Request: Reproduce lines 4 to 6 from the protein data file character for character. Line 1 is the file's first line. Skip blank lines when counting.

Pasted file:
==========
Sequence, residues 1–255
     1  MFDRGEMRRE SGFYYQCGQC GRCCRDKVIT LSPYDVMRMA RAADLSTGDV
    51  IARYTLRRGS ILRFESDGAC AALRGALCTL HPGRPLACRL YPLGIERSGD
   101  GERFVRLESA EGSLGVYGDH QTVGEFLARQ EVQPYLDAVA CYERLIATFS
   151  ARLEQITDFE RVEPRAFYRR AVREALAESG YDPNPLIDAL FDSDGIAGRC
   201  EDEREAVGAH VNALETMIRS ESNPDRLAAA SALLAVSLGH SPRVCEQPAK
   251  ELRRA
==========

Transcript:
   101  GERFVRLESA EGSLGVYGDH QTVGEFLARQ EVQPYLDAVA CYERLIATFS
   151  ARLEQITDFE RVEPRAFYRR AVREALAESG YDPNPLIDAL FDSDGIAGRC
   201  EDEREAVGAH VNALETMIRS ESNPDRLAAA SALLAVSLGH SPRVCEQPAK